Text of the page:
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Publication numberUS3272337 A
Publication typeGrant
Publication dateSep 13, 1966
Filing dateApr 3, 1963
Priority dateApr 3, 1963
Publication numberUS 3272337 A, US 3272337A, US-A-3272337, US3272337 A, US3272337A
InventorsHoward A Elwell
Original AssigneeStandard Oil Co
Export CitationBiBTeX, EndNote, RefMan
External Links: USPTO, USPTO Assignment, Espacenet
Fuel dispensing system for assuring delivery of uncontaminated fuel
US 3272337 A
Abstract  available in
Previous page
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Claims  available in
Description  (OCR text may contain errors)

Sept. 13, 1966 H. A. ELWELL 3,272,337

FUEL-DISPENSING SYSTEM FOR ASSURING DELIVERY OF UNCONTAMINATED FUEL Filed April 5. 1963 2 Sheets-Sheet 1 ump- INV ENTOR. Howard A. E /ve/l Sept. ls, 1966 H, A ELWELL- 3,272,337

FUEL-DISPENSING SYSTEM FOR ASSURING DELIVERY OF UNCONTAMINATED FUEL Filed April 3. 1965 2 Sheets-Sheet 2 INVENTOR. Howard A. E/we/l ATTORNEY United States Patent O 3 272,337 FUEL DISPENSING SBZSTEM FOR ASSURING DE- LIVERY F UNCONTAMINATED FUEL Howard A. Elwell, Glen Ellyn, Ill., assigner to Standard Oil Company, Chicago, Ill., a corporation of Indiana Filed Apr. 3, 1963, Ser. No. 270,459 1 Claim. (Cl. 210-136) This is a continuation-impart of U.S. patent application Serial Number 182,581, filed March 26, 1962, and now abandoned.

This invention relates to apparatus for dispensing liquid fuels, and more particularly provides means siutated conveniently near the outlet of a fuel-dispensing system for assuring delivery of uncontaminated fuel to the outlet consumer.

Every effort is made by oil refining companies to maintain and deliver their motor fuels free from contamination by small particles of dust, rust, and the like. But although gasoline leaving a refinery may be free of solid particles, rusting storage tanks and product pipe lines, wearing pumps, open tank vents, and old gasoline delivery hoses are unavoidable sources of contamination. Contamination may also be introduced by the trucks or tank cars transporting the gasoline from the refinery and terminal. It takes only a small amount of contamination to exceed what are generally regarded as .the safe limits for late-model engines; solid particles larger than twenty-five microns interfere with the operation of sensitive carburetors, and particles larger than ten microns can cause difficulties with fuel injection engines. Most in-line gasoline filters for .present-day automobiles are not designed to remove particles smaller than about 35 to 50 microns.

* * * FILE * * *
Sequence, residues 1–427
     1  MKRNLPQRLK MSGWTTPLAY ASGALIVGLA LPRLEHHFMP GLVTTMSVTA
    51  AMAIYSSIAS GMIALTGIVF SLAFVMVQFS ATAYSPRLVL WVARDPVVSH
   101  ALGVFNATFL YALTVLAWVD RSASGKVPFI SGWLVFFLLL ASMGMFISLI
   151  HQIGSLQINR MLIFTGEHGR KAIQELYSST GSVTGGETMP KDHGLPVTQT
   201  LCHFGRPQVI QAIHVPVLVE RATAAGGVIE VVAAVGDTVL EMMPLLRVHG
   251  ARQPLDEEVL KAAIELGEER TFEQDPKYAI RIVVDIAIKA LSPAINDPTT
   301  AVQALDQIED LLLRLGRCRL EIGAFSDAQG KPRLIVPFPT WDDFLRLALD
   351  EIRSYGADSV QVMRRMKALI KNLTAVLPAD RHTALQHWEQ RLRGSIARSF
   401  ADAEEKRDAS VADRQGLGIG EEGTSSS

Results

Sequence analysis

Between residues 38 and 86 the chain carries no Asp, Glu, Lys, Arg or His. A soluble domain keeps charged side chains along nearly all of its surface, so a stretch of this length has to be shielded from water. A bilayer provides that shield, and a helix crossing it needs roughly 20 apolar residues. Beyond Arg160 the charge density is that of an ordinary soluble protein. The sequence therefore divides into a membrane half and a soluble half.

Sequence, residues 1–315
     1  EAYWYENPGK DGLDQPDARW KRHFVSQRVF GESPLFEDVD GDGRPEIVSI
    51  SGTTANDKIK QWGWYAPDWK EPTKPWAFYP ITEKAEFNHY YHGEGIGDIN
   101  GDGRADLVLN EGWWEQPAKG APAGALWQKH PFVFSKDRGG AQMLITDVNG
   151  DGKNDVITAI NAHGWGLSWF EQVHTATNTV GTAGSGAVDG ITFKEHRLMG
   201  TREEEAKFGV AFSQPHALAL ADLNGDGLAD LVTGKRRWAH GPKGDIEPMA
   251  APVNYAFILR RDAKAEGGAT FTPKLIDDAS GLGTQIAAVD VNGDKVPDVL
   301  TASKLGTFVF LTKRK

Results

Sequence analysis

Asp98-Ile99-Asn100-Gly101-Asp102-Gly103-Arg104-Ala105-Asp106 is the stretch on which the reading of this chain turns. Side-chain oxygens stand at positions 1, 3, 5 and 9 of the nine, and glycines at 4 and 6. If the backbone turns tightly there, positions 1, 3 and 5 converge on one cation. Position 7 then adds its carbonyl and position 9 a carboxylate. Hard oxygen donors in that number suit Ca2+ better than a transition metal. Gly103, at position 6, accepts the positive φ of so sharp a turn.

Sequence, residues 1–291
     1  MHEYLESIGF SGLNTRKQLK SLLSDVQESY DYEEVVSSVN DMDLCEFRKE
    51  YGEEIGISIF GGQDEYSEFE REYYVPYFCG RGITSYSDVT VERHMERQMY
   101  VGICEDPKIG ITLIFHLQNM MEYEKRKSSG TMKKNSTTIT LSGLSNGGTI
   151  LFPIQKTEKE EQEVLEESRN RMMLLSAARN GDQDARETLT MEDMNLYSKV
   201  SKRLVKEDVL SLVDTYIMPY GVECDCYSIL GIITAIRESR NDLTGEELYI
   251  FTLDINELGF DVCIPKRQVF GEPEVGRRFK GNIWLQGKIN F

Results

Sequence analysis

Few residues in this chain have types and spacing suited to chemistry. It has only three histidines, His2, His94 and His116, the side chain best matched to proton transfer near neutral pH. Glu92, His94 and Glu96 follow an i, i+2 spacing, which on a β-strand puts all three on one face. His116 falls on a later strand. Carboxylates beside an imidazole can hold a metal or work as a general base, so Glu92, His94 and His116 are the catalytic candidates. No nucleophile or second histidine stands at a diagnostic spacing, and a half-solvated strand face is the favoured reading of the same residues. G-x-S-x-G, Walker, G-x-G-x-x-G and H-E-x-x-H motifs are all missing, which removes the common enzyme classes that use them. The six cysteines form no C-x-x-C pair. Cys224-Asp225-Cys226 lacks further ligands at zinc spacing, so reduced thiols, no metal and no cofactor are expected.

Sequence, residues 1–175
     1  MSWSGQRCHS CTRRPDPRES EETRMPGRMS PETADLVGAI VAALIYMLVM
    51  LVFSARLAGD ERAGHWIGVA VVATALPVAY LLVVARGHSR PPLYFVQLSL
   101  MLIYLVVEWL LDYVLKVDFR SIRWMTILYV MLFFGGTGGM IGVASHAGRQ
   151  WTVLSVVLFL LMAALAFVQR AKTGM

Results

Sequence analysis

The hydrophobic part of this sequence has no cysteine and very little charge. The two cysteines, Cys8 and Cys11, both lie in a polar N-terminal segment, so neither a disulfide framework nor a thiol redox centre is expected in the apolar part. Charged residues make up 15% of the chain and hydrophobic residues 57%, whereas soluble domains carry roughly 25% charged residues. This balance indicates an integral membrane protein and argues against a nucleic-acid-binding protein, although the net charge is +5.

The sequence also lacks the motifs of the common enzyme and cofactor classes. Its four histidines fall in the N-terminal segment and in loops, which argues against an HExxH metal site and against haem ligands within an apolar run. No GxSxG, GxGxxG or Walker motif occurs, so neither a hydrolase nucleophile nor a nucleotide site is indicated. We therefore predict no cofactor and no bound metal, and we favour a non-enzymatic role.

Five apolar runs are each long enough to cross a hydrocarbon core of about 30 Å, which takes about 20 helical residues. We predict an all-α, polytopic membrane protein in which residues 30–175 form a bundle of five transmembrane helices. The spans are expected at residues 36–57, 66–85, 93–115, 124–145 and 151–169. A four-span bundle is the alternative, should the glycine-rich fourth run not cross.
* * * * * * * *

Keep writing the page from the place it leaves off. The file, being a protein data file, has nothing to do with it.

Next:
The contamination problem may be aggravated by the use of powerful detergents in premium grade gasolines. Detergents tend to retard the settling of small particles suspended in the gasoline when in storage at service stations. Settling may be further retarded by frequent deliveries of gasoline to the tanks, occasioned by large sales and small tanks, whereby the gasoline is regularly disturbed from a stable or static condition.

Accordingly, one object of the invention is to provide an improvement for fuel dispensing systems which assures delivery of gasoline and similar fuels uncontaminated by suspended solids.

Another object is to provide such dispensing apparatus with a solids removal means that is designed to interdict fuel fiow unless such means are properly positioned and installed.

A further object is to provide means for assuring fuel consumers that they are receiving clear and contaminantfree fuels.

A specific object is to provide an apparatus for a fuel dispensing system which removes solid contaminants at the outlet of that system.

Still another object is to provide a fuel dispensing improvement which is situated conveniently in and at the end of the delivery hose of a fuel dispensing pump system.

Other and more particular objects will become apparent as the description of this invention proceeds.

Briefly, according to the invention, a special filtering device is disposed between the discharge hose or conduit of a fuel dispensing pump and the flow-controlling valve at the outlet of this discharge conduit, The inventive filtering device comprises a housing disposable between the discharge conduit and the valve, .a replaceable filter element received in the housing and adapted to remove solids from fuel being dispensed, and an arrangement at the inlet of the housing for terminating fuel fiow unless the filter element is properly positioned, effective filtering is Thus, all critical contamination introduced between the ICC oil refinery and the outlet of the dispensing pump is removed by a filter element which, because it is downstream of a powerful pump, can have pores sufficiently fine so as lto be impermeable to all but the very tiniest solids. Moreover, by providing a positive fuel shut-off unless the filter element is properly positioned, effective filtering is made automatic and completely foolproof.

Further objects and advantages of the invention, as well as the structural details thereof, will be further described in the ensuing specification, which is to be read in conjunction with the following appended drawings which, in schematic form, include: